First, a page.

Orange and Poppyseed Syrup Cake

orange poppyseed cake 01 It’s the time of the year when Singapore becomes a ghost town and the occasional clanging of cymbals and drums from the lion dance troupes are the only signs of life. Yes. I’m talking about Chinese New Year. Most shops would be closed for at least 2 days and so people usually stock their homes with some essential groceries. But I usually stock my home with Chinese New Year goodies such as love letters, bak kwa (sweet pork jerky) and pineapple tarts. Since I didn’t get to stuff my face with any Chinese New Year goodies this year, I made myself this orange cake- a very Chinese New Year fruit and colour. I’ve been wanting to use poppy seeds in a cake as I’ve never had the chance to use them. They’re banned in Singapore due to their direct links to the notorious opium dens in the past. I’ve read that even if you ingested a some poppy seeds on say a bagel or cake, it’ll show up in a drug test. However, a small amount would have no effect on your rationality, that is if you’re a rationale person to begin with. Even if your rationale self is intact after a slice of this cake, there’s quite a bit of booze to help you along. In summary, eat this cake at your own risk- either the poppy seeds, booze or it’s deliciousness would do you no good. (I’ve had 3 slices already!) The crumbs are ultra moist with a hint of fresh orange flavour and don’t skip on the syrup as it takes it to a whole other level. Trust me. orange poppyseed cake 04 orange poppyseed cake 06 orange poppyseed cake 05 orange poppyseed cake 02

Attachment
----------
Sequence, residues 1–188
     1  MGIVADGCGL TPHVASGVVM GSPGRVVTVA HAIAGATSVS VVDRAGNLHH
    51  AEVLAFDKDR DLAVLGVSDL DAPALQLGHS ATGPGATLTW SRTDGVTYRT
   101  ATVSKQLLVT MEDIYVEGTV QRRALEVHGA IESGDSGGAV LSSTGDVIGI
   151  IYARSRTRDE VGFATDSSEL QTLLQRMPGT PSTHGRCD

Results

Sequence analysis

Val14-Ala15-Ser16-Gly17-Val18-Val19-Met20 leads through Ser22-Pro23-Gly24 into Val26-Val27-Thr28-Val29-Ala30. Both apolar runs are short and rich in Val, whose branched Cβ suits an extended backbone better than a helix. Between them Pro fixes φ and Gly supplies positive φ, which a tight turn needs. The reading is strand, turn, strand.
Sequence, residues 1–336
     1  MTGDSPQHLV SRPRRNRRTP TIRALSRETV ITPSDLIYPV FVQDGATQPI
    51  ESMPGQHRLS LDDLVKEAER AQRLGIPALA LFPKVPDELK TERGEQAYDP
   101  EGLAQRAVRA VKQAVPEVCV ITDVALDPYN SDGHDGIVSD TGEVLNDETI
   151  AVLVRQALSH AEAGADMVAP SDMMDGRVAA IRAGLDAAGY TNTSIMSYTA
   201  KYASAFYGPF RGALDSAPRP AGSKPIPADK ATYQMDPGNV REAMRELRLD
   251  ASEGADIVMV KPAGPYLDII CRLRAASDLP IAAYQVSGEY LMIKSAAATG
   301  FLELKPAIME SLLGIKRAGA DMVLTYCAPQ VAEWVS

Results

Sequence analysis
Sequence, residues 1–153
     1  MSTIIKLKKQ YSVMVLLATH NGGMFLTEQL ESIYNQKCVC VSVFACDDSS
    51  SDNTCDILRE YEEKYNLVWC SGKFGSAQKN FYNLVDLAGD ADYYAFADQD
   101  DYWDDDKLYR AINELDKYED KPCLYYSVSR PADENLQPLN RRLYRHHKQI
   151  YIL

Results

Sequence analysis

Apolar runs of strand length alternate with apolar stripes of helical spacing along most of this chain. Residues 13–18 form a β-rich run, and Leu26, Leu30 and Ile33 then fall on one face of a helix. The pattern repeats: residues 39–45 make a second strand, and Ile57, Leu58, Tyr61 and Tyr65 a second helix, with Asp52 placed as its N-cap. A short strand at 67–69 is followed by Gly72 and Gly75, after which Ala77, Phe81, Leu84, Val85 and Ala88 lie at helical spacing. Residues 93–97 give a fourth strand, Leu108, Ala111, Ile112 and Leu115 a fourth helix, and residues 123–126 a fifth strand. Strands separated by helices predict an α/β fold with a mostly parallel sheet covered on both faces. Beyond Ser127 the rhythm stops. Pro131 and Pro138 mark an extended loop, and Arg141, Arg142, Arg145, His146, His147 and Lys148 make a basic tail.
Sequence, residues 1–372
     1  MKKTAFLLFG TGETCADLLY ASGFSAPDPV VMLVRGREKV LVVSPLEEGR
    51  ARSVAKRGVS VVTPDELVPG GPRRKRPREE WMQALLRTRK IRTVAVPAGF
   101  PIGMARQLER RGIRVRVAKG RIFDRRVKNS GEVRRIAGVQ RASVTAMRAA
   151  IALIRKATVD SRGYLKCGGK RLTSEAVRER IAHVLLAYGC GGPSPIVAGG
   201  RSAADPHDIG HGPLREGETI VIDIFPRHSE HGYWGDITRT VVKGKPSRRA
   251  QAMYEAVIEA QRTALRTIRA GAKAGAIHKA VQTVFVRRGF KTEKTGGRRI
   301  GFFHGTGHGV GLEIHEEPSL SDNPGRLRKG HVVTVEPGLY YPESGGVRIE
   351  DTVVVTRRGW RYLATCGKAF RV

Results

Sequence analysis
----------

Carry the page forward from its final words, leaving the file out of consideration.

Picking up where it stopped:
Orange & Poppyseed Syrup Cake

Adapted from Rhubarb & Rose

For the cake

  • 200g + 50g caster sugar
  • 250g butter, at room temperature
  • zest of 2 medium oranges / 3-4 tangerines
  • 4 large eggs, separated
  • 250g plain flour
  • 20g baking powder
  • 1/2 cup blue poppy seeds
  • 1/8 tsp salt
  • 1/2 c milk, room temperature
  • 1 tsp pure vanilla extract
  • 2 tbsp (or 3 tbsp!) orange liqueur / 2 tbsp freshly squeezed orange juice
  • edible flowers (optional)

For the orange syrup

  • Juice of 1-2 tangerines, 1 medium orane
  • 100 g sugar
  • 8 inch/ 20 cm round tin, lined and greased
  • preheat oven at 150°C fan-forced /  170°C convection

1.Sieve together flour and baking powder and set aside. Separate the egg yolks and whites when they are cold and let whites come to room temperature.

2.Using your flat beater on medium-high speed, cream 200g caster sugar, butter and orange zest till mixture turns pale and creamy.

3.On low speed,incorporate yolks one at a time.Add in vanilla extract and orange liqueur/orange juice.

4. Then on low speed,  add 1/3 flour mixture and  1/2 of milk alternately, starting and ending with the flour mix. For the last 1/3 flour mix, gently fold in the flour with a spatula.

5. Gently fold in the poppy seeds. Set aside.

6. In another clean bowl, add salt and egg whites and using the whisk attachment, whisk the egg whites on low speed.

7. When you start seeing bubbles forming at the edges and the egg whites starting to look opaque, increase your mixer speed to medium-high  and add 50g caster a tablespoon at a time.

8. After about 8-10 minutes, you should have a cloud-like, shiny meringue.